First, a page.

(Note, Blue Force Gear seems to be discontinuing some of their Minus rigs, so if you want one, today is the time to get them while on closeout)

My Jungle Rig

I have used a lot of load bearing gear. ALICE, the SDS RACK, commie chest rigs, belt lines. A few years ago, I took that info, sewed my own, and it had some fun features but it got worn out so at the beginning of 2016, I started looking to replace it. Had some wish list ideas, etc. but I stumbled across a MACHS (a Hellcat Mk2 with extra pouches) for a steal, and wrote about that.

It had some relevant features which make it work well. A lot of the design is very nice to avoid chafing, or trapping water. The shoulder straps for example are wide webbing without padding. But it's still a little over-built, and despite some customizing on my part it cannot meet all my needs simply because it is a 5.56 only rig.

Jungle Kit

Recently, I went to a friend's store, and tried on a number of things to meet this need. I started with a lot of assembling and trying the Mayflower Jungle Kit. It was not me. But let me explain.

First: It’s nice. So nice that if you love ALICE or other belt setups I cannot suggest it more highly. It is very stable, very well built, and very light. And, meets all the other needs outlined above about comfort and water retention.

But I personally have settled very much to where I like to wear my rig (high) and know how belts work for me. They don’t much. The pouch bottoms stab me, and tilt, and snag on my ruck belt, and so on. I want a platform tall enough to mount the pouches TO, not hang them FROM. If that makes sense.

Front or Back Adjustment

The other thing worth considering is the overall layout. Both belts and chest rigs are of a fixed diameter. They have adjustable straps which allow them to fit your body — and which must adjust as you change clothing for the environment, have fat days, or choose to wear or not wear armor.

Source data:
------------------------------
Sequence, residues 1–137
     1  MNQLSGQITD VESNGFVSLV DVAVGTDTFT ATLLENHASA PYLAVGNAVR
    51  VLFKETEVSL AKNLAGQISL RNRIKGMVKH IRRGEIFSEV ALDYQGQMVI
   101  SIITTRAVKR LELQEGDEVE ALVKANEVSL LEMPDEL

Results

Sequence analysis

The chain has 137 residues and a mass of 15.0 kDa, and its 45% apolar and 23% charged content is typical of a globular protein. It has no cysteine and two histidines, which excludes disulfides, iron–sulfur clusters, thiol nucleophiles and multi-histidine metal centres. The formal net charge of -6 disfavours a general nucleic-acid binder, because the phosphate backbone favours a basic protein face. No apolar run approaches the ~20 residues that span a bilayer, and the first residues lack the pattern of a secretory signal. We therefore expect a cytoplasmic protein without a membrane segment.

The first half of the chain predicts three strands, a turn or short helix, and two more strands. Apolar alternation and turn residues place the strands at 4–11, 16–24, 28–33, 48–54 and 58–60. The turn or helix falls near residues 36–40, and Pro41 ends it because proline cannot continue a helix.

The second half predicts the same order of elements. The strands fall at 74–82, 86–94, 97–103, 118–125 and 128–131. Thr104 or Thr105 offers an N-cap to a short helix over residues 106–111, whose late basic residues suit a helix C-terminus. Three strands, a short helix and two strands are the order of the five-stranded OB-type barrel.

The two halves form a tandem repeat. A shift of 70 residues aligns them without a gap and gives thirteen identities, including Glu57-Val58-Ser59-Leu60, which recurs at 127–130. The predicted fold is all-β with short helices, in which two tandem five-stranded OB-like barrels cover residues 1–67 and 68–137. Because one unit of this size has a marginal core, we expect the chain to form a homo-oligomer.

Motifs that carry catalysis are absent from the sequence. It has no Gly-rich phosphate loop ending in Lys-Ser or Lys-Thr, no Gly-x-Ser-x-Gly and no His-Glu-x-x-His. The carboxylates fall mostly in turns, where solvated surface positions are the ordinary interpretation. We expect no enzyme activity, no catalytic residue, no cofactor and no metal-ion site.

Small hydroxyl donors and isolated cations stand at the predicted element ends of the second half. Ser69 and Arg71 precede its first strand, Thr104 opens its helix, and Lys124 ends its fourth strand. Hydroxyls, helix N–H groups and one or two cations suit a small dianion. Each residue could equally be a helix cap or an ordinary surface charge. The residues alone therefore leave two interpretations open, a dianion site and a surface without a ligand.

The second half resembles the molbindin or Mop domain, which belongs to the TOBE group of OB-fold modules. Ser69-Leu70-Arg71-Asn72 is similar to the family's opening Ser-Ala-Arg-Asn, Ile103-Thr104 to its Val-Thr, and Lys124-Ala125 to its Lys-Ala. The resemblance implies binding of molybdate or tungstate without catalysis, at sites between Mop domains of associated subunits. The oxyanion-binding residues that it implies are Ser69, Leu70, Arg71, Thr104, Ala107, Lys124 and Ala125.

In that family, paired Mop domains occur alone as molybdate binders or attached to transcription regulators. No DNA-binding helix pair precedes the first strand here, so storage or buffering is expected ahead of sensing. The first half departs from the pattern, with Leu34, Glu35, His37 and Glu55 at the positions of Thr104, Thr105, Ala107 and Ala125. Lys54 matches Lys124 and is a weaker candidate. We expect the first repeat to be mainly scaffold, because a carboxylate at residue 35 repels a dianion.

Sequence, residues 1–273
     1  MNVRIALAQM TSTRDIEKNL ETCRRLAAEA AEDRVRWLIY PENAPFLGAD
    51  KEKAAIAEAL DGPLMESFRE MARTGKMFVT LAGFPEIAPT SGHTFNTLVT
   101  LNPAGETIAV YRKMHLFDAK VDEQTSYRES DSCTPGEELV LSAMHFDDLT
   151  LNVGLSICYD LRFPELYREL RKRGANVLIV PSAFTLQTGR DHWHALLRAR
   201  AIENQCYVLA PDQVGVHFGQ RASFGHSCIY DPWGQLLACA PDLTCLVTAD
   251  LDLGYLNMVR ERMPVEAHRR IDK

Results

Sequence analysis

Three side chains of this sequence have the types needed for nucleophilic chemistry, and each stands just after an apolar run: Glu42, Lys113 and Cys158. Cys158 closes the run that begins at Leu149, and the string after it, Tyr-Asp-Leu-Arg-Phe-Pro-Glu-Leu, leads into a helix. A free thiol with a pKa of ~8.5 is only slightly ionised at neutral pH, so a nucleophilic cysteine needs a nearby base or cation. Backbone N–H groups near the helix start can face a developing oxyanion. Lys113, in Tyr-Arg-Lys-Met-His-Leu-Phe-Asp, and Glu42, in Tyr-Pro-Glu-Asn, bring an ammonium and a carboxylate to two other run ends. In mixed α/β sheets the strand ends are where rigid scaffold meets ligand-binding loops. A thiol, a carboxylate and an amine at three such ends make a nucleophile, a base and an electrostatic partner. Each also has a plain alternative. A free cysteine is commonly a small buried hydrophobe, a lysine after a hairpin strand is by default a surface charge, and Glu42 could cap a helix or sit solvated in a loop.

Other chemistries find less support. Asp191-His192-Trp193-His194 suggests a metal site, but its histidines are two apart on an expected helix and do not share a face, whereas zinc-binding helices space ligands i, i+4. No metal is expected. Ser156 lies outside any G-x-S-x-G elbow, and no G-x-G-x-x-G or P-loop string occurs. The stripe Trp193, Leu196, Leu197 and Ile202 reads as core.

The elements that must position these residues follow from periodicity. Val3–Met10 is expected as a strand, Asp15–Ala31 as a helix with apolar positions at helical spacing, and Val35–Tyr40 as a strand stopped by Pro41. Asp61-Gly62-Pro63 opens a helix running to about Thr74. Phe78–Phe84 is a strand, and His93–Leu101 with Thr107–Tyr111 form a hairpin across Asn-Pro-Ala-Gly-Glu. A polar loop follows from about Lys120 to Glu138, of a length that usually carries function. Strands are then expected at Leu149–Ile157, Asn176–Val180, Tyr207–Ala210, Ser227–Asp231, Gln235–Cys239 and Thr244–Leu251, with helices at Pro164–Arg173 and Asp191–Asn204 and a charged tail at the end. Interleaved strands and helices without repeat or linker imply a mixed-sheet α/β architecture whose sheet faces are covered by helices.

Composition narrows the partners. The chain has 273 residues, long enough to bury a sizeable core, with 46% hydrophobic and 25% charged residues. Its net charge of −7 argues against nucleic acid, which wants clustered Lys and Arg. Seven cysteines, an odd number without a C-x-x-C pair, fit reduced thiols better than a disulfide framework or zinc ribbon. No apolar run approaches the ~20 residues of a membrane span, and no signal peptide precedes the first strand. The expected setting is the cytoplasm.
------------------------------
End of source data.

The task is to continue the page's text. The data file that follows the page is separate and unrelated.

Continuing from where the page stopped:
For belts, the adjustment is in the front. This is super convenient to adjust, but it means the fixed point of reference for the belt attached items is at your spine, in the back. As you adjust, items move to or away from your centerline.

For chest rigs, split at the front or not, the adjustment is in the back. While it can seem like you are wasting space with this gap, generally you can fill it with back panels — the hydro carrier is a common one. Anyway, on a chest rig, since the adjustment is to the rear, when your diameter changes, the front-relative position remains the same. When you reach for stuff, you find your snacks, pens, lightsticks, and magazines always at the same place.

Again, these are not bad things. Just choices. Your choice may very well be different from mine, and that is just fine. 


Being a cheapskate, I was thrilled to find the Blue Force Gear discontinued page, and immediately got a SplitMinus, and a few pouches. And over the past few weeks I have put together… this:

Because of the video I noticed the back upper straps weren't adjusted right, have fixed those. And the IFAK pouch is being replaced with something smaller.

For the record, as shown it is (my left to right):
  • 10-speed 7.62. Gray for some reason I cannot recall, but once assembled I hit it with some Rapco Khaki paint. Works great. Carries anything at all. Can dump the mags when transporting the rig, so I added elastic cord, simply woven through the back of the rig cutouts and molle webbing. Knotting at each tension needed, so no noise from cordlocs.